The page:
Feeling less and less like she can define herself, feeling less and less real, the Housewife begins to disappear into the world of the home. At the same time, the objects that surround her are enhanced. She melts into the wallpaper. She is displaced among the kitchen utensils, the iron, the mop. Even she cannot find herself among these items.

Says Kite, “Everyone’s felt displaced or replaced at one point or another. They’ve felt put aside. They’ve disappeared in a room, were not acknowledged, felt less than. Or they don’t know what their use is.”


A Vacuum Bag is No Good without a Vacuum Cleaner

The series began with the X Housewife Drafts, iPhone pictures taken by the artist in her bathroom mirror. She twists a measuring tape around her head, fans several mousetraps across her forehead like a hand of cards. A bouquet of light bulbs springs from her ear. The names are cheeky: “Do I Measure Up?” and “The Humane Hunt of the Suburban Kill” show the artist placing her work in context, but not without a wink. The wordplay in the titles balances their conceptual weight. She shot 11,000 of them over two years, selecting some to post on Instagram.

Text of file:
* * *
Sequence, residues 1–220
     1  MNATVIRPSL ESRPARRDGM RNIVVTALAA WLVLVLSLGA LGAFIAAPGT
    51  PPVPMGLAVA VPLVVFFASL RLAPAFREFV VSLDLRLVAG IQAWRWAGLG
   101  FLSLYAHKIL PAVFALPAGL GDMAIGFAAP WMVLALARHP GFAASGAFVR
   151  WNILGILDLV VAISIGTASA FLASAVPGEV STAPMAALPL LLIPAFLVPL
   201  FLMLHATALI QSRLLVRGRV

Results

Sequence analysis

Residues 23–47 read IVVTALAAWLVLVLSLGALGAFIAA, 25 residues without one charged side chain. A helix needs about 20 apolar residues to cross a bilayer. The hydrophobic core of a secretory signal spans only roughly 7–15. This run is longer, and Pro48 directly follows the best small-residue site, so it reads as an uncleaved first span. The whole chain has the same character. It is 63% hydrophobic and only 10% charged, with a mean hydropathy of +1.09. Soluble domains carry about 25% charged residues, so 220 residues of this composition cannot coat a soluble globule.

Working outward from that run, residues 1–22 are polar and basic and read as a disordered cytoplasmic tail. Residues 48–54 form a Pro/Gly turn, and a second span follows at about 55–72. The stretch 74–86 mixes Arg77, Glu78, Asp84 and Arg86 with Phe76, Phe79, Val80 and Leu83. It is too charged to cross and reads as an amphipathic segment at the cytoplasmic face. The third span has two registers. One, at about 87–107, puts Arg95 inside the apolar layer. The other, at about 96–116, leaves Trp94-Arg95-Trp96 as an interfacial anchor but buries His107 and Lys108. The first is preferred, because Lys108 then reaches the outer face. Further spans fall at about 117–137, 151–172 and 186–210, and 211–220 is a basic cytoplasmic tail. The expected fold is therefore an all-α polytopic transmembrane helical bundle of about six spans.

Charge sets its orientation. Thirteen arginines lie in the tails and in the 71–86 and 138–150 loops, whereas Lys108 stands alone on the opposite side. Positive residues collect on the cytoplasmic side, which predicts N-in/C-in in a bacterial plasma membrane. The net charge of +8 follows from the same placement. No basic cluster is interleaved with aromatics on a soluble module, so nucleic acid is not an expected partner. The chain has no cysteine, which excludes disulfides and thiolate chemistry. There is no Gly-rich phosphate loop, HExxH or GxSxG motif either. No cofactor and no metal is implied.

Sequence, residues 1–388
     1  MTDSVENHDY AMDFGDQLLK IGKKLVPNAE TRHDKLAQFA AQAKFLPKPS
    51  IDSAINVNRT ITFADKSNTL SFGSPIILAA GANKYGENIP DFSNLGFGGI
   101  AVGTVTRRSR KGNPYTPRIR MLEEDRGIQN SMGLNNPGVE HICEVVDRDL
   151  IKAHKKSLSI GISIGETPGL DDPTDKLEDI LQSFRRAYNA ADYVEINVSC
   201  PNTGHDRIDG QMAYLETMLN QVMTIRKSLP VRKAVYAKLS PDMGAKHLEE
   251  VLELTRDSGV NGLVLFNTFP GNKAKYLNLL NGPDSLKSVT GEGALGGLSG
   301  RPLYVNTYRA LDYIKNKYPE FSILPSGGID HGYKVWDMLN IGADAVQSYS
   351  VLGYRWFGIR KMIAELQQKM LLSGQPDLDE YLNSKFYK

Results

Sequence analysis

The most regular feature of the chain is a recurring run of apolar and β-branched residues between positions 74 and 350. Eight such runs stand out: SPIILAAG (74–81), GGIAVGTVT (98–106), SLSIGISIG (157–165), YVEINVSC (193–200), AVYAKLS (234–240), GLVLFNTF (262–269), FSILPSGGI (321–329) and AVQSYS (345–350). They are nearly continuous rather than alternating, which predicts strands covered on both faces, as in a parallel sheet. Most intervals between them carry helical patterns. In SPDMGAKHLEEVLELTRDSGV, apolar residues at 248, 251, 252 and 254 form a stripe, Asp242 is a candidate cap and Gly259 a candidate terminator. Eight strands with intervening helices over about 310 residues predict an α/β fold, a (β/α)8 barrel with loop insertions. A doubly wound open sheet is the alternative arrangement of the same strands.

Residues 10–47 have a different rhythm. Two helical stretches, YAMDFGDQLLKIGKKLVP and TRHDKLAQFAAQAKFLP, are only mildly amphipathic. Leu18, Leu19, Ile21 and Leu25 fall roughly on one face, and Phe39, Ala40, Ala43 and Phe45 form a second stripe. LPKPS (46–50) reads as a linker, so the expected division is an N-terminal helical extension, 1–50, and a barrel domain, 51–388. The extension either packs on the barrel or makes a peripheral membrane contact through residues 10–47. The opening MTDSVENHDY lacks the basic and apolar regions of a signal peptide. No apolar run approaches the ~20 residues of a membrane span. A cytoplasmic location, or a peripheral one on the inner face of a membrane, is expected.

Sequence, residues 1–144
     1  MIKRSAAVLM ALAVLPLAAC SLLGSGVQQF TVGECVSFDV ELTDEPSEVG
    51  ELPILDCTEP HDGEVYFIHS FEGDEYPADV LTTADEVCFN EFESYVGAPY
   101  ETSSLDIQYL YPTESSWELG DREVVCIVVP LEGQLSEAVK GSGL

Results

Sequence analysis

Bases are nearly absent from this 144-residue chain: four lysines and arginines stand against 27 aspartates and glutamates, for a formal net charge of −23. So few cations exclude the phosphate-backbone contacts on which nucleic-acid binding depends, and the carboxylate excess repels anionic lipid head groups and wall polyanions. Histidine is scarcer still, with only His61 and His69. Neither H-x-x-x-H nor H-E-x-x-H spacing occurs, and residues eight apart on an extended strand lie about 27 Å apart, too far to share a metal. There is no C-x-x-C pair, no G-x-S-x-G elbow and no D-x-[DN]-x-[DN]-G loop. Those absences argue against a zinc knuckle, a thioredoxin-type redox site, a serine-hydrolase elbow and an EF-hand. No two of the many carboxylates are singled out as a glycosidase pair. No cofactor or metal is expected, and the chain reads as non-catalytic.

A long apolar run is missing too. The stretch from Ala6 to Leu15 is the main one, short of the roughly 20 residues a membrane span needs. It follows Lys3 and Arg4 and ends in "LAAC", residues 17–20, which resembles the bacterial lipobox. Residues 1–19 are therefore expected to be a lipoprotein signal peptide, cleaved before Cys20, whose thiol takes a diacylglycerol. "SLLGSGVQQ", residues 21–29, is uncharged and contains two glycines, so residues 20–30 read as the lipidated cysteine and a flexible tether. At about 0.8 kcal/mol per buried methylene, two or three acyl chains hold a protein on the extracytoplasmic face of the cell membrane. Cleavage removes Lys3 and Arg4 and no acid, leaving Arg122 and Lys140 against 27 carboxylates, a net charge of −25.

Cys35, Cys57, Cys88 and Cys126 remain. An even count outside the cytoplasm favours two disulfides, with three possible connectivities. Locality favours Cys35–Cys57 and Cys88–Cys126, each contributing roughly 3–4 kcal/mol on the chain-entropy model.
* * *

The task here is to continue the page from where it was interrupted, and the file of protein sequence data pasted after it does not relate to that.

Kite performs the Housewife in ten X Install Portraits, which she affectionately calls “the bitches.” These silver gelatin 32 by 48 inch portraits feel big as life. In these, she dramatizes the same theme. The shots are composed to corner and trap the Housewife; her world is monochromatic, her instinct for intimacy with others subdued. You can almost smell the Clorox in Kite’s immaculate scenes. She’s suited in a black jumpsuit with her hair wrapped in a scarf, her straight-edged bangs framing her face. The prints have high contrast between crisp, clean whites and deep blacks, along with the signature silvery tone of gelatin processing. It’s a perfect fit for the pristine, menacing scenes that Kite performs.

In Forked Over Consumption, the silverware leaps from the drawer, pulling the Housewife in headfirst. In Backed and Racked, she carries the heavy burden of cooking and baking tools – frying and saucepans, colanders and muffin tins. They cling to her back like a cape, pinning her down. In my favorite, The Levitating Rooms of Vacuum, the Housewife sits on the floor wrapped in extension cords like a straightjacket, the vacuum suspended above her. “Who’s pushing whom?” Kite asks us.

She admits, “there are some things about the work that are in fact in our culture that just happen to be suburbia, domestic tools, the wife or stay-at-home mom, but it was very personal to me. There was no shouting back or telling someone how it was.” She continues, “This is not a critique. This is about relationship. The rules of relationship. How we treat each other and how that defines us. How we relate to relationship.”